In what was to rapidly become his custom style, Cameron was late to the Libyan crisis. British oil workers were stranded for a hairy few days in the middle of the desert. However credit where credit is due, he was quick to get the No-Fly Zone plan discussed, risking an international kicking at the early stages when other NATO countries were not so keen.
Back at the very end of February and into the first days of March, Labour were quick to try stop Cameron’s No-Fly Zone plan from getting off the ground. Miliband, conscious of the anti-war vote he hoovered up in the leadership election, tried to humiliate the Prime Minister at PMQs on 2nd March by suggesting that firstly nobody supported his plan, and secondly that our armed services were unable to cope:
“On Monday, the Prime Minister floated the idea of a no-fly zone. On Tuesday, however, a number of foreign Governments distanced themselves from the idea…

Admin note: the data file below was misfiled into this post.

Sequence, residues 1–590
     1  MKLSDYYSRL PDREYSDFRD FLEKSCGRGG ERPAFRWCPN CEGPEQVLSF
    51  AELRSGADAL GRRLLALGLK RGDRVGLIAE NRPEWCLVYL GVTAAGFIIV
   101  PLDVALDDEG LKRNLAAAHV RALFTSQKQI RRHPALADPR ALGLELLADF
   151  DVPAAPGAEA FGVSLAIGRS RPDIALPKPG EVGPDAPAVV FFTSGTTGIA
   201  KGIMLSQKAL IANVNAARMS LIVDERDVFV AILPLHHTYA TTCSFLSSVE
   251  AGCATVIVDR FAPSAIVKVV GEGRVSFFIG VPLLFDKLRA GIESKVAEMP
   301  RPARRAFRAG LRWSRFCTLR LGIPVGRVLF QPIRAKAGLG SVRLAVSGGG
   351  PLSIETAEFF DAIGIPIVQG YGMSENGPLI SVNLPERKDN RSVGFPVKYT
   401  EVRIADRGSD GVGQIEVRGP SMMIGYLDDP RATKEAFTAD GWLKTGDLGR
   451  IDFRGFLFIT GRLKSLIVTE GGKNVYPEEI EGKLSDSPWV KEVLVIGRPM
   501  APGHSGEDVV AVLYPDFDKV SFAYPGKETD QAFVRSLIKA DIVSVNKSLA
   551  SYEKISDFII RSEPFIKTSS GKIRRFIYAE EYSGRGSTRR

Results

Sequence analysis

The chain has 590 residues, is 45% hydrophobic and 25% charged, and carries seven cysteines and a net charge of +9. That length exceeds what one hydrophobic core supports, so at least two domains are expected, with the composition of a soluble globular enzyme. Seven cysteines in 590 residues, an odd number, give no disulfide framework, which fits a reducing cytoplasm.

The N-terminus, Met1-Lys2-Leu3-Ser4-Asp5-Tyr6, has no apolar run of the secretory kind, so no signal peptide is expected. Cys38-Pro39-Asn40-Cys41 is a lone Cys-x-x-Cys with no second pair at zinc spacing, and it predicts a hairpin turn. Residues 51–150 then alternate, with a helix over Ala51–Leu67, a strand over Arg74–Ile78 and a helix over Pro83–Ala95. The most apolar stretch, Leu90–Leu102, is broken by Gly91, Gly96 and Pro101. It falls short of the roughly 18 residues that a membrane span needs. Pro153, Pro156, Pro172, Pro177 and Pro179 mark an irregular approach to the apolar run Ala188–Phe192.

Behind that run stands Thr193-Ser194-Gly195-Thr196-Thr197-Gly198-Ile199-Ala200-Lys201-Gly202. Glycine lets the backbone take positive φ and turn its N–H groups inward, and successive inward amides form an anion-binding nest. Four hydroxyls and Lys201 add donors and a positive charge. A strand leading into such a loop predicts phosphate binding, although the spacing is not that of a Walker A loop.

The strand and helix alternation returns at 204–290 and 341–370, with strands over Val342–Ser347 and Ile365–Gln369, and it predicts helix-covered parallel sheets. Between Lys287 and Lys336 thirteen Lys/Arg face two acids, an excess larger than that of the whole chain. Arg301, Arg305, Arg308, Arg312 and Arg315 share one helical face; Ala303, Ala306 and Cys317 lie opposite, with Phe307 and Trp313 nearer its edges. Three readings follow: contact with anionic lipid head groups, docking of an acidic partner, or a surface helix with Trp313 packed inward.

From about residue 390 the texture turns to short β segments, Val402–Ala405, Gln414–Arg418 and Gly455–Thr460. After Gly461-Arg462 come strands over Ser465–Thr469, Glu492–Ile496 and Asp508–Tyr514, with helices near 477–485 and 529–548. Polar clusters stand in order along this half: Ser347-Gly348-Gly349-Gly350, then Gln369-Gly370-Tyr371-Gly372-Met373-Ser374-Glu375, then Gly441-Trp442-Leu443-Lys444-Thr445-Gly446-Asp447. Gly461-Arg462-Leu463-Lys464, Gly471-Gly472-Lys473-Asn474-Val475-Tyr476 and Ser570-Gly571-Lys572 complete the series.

Can he reassure the House and the country that any increase in our military commitments that he is talking about, including in north Africa, can be met at a time when we are reducing capability?”
And it wasn’t just Ed. The Shadow Foreign Secretary took to the pages of the Observer to mock Hague for“talking up” plans for a No-Fly Zone, only to be forced to climb down on them. Remind us how that worked out again wee Dougie?
Ed eventually fell into line and had to resort to having his big brother advise him on how to deal with the crisis. Just remember all this when you see the Labour leader pop up on television any moment now to praise the end result…
Situation in Libya fragile but clear regime is crumbling. Welcome news for all of us who believe brutality should not be allowed to stand—
Ed Miliband (@Ed_Miliband) August 22, 2011
He didn’t believe it enough to stop him trying to score points…